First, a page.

OT: Thanks Susie, agree there are pros and cons to routine data research (as presented at this session using Clinical Practice Research Datalink (CPRD) or Secure Anonymised Information Linkage (SAIL)) versus traditional cohort studies (e.g. English Longitudinal Study of Ageing or Lothian Birth Cohort). Advantages of routine data focus on their generalisability to real-world populations, advantages of cohort studies include their better standardisation of measurements and richness of data. Choosing one over the other may depend on the research question. Hybrids of the two – e.g. UK Biobank data linked to routine data may combine advantages of both. There are also pros and cons of the different routine data sets (e.g. CPRD, SAIL, ResearchOne, Q-Research) which relate to cost, time to get data access, linkage to other forms of data (e.g. hospital episode statistics, or Office for National Statistics death data), as well as more human factors such as what is available to you locally/ in use by your team or collaborators. Worth discussing with researchers who have published from different datasets. We have people who use a range of data sets among our @geridata collaboration and could direct any people interested to panel members.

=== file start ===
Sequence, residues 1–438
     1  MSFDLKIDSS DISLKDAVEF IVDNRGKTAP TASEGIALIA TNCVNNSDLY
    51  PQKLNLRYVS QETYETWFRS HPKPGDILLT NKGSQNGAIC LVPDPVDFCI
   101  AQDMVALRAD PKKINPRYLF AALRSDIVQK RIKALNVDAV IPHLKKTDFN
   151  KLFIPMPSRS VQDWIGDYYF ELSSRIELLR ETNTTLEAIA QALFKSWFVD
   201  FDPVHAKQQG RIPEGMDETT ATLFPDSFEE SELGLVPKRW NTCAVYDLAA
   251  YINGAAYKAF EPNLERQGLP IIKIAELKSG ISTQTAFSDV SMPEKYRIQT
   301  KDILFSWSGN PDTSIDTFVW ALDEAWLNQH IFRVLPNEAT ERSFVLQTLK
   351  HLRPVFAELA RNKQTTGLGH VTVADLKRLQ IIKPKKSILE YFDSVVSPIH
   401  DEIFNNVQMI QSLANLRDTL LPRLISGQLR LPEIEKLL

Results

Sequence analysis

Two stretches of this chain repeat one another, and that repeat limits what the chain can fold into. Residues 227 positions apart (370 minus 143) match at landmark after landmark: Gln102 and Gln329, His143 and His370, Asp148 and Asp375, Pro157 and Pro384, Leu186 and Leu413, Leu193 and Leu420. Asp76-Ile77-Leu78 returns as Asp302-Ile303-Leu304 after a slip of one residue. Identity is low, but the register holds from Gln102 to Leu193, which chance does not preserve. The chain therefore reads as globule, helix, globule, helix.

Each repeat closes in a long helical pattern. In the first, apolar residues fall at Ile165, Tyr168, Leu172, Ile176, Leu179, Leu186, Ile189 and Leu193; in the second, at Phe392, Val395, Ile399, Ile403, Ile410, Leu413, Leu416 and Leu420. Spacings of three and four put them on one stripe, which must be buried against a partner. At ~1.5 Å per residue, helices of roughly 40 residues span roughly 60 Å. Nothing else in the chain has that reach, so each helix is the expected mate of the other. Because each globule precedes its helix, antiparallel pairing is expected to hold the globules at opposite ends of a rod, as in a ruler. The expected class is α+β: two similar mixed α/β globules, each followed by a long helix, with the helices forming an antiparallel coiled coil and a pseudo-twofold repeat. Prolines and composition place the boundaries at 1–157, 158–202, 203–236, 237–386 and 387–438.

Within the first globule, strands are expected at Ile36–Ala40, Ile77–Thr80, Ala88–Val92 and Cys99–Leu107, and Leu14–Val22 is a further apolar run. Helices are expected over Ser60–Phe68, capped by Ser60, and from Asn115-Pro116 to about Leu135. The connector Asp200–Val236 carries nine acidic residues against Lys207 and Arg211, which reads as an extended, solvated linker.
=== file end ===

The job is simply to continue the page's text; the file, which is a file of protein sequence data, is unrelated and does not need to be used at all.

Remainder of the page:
CW: I agree entirely – I think that it is really valuable to discuss the datasets that you are interested in using with others that have used them before, so that you can understand the strengths and weaknesses of each. This will allow researchers to pick the best dataset for the question – and to know how feasible the proposed project is. Part of the @geridata ambition is to provide a pool of people to contact. This paper might be helpful for an overview too.